Team of experts: Patrick König (left) and Tom Wenzel
Accident experts
The recording of traffic accidents is becoming increasingly complex thanks to digital technology in cars. The police's response: in future, forces with high-tech equipment will be deployed across the country.
Streife editorial team

The car has a sense of humor. "Top up wiper fluid!" is written brightly on the dashboard. Of course, a lack of wiper fluid is probably the least of the car's problems. The Mercedes in fake high-performance AMG trim no longer drives. The front left tire is flat, the side is dented, the rear fender is torn off. A major loss.

The car is parked in the hall of a car recycler in Bochum. In the neighborhood: car dealer, car parts dealer, car pawnshop, car expert, towing service. This is a place for screwing and hammering, a humming horsepower scene.

The traffic accident happened just around the corner in the industrial estate. The AMG-look Mercedes and a Hyundai Tuscon collided. The Hyundai is also at the recycler. The right rear wheel is torn off. A case for the police specialists. "Both say the other was looking at their cell phone," reports Chief Superintendent Patrick König. He is part of the traffic accident investigation team at Bochum police headquarters.

He uses a laptop to try and read the Mercedes' data from the memory of the airbag control unit. Information on speed, gas pedal and brake position, assistance system data and the steering wheel's turning angle are used to reconstruct the exact course of the accident. The cell phones can also be seized or confiscated as evidence in order to obtain further information about cell phone use.

Police Chief Inspector Tom Wenzel takes measurements with the 3D scanner. This information is used to compare the current condition of the car with the original dimensions and also to obtain information about the force and angle of the impact. High-tech in everyday police work. "The technology we have acquired in recent years is like an explosion," says König.

The police are "facing the particular challenge of increasing digitalization and automation of road traffic," according to the Ministry of the Interior. The assistance systems in modern cars mean that the classic trace pattern, for example braking and blocking lanes, is often no longer found at the scene of an accident. Special technology and specialized personnel are required to secure not only the classic but also the digital traces in such a way that they can also be used in court.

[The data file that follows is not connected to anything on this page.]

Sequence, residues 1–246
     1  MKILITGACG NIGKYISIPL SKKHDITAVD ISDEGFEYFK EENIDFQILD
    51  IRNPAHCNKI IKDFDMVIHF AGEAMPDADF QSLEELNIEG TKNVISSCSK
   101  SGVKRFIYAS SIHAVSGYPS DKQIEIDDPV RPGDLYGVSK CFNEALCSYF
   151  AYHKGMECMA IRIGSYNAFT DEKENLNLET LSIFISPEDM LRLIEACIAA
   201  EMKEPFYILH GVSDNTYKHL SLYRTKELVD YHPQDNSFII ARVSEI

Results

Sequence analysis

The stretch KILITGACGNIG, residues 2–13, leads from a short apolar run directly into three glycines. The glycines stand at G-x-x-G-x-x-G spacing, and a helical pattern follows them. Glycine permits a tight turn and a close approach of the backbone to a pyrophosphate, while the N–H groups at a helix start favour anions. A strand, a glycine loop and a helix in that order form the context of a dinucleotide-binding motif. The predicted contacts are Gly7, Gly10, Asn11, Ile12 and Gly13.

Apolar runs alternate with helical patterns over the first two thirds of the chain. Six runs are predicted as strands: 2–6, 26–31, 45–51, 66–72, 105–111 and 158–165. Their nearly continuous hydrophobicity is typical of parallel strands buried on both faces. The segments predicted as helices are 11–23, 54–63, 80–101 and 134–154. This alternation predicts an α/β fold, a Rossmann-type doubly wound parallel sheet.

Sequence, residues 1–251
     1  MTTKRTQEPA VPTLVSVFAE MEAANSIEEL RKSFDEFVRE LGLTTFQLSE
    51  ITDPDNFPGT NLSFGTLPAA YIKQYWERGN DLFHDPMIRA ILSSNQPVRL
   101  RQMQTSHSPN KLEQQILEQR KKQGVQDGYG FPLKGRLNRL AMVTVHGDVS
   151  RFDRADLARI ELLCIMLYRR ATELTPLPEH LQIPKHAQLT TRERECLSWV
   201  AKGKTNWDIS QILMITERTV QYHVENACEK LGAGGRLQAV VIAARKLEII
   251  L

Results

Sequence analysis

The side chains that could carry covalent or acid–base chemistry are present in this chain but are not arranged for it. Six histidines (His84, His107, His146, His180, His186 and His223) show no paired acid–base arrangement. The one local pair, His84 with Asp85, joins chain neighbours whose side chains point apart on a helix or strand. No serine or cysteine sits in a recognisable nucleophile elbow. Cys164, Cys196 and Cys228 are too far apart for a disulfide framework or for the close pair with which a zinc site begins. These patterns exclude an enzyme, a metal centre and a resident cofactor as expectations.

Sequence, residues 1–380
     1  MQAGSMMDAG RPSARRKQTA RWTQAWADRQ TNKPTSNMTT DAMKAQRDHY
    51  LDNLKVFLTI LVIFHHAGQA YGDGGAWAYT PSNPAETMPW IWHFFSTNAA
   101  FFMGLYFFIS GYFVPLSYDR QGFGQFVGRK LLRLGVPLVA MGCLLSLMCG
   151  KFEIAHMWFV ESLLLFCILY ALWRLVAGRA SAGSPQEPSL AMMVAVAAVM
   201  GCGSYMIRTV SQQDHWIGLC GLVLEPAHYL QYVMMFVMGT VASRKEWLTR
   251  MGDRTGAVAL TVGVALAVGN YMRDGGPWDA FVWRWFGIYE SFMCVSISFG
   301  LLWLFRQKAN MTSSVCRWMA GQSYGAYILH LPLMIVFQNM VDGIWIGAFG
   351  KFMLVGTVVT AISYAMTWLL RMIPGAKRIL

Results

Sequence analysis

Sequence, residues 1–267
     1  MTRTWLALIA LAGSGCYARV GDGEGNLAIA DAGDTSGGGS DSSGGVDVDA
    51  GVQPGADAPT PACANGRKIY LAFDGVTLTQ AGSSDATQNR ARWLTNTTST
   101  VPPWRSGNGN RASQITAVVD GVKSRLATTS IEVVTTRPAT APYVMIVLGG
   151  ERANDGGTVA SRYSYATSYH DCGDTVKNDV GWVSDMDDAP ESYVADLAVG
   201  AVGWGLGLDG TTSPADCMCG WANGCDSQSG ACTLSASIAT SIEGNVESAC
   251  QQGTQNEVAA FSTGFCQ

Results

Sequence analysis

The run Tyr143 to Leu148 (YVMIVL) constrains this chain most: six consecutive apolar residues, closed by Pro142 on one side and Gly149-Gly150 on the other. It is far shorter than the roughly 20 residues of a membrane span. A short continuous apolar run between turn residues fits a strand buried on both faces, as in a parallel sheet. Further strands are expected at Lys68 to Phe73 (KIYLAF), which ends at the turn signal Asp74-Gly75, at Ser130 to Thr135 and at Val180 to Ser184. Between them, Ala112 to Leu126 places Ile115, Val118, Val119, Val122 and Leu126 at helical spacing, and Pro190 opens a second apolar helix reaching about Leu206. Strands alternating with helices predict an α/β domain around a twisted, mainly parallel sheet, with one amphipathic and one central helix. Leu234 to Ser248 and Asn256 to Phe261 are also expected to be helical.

17 accident investigation teams will be introduced throughout North Rhine-Westphalia over a period of three years until 2023. "What forensics is at a crime scene, the accident team will be at an accident scene throughout the state in future," says Interior Minister Herbert Reul. This will cost a lot of money, even though some authorities are already equipped with 3D laser scanners, drones, devices for securing digital vehicle tracks and high tripods. According to a rough calculation, the value of the equipment for an accident team and accident recording vehicle is around 330,000 euros.

The Bochum team carries out up to 250 operations per year. A particularly serious accident recently occurred on Wasserstrasse. A driver lost control of his vehicle at a speed of over 100 km/h (in urban areas!) and crashed into a row of parked cars. Possibly the result of a race.

Or the example of Hagen: twelve people were injured, four of them seriously, in a sensational accident involving a coach, a bus, a lorry and several cars. Another case for the accident team.

When the teams are deployed is precisely defined: in accidents with fatalities, with serious injuries where there is a risk to life and with personal injuries after illegal races, in hit-and-run accidents with personal injuries, if the evidence requires special technology, or in traffic accidents of particular public interest.

The first accident team started in Cologne in 2004/05. Bochum has been active since 2007. In addition to police officers, Wenzel's 14-strong team there also includes three surveying technicians as government employees who contribute their special expertise. "We need to move away from generalists to specialists," is the strategy from the Ministry of the Interior. The quality of traffic accident recording is also high, and in future not everyone will be able to do everything.

The Bochum-based team has gained a wealth of experience over the years. "But we haven't reinvented the wheel here either," emphasizes Wenzel. The exchange with neighboring authorities and the scientific community is therefore very important to him. "We are still learning every day."

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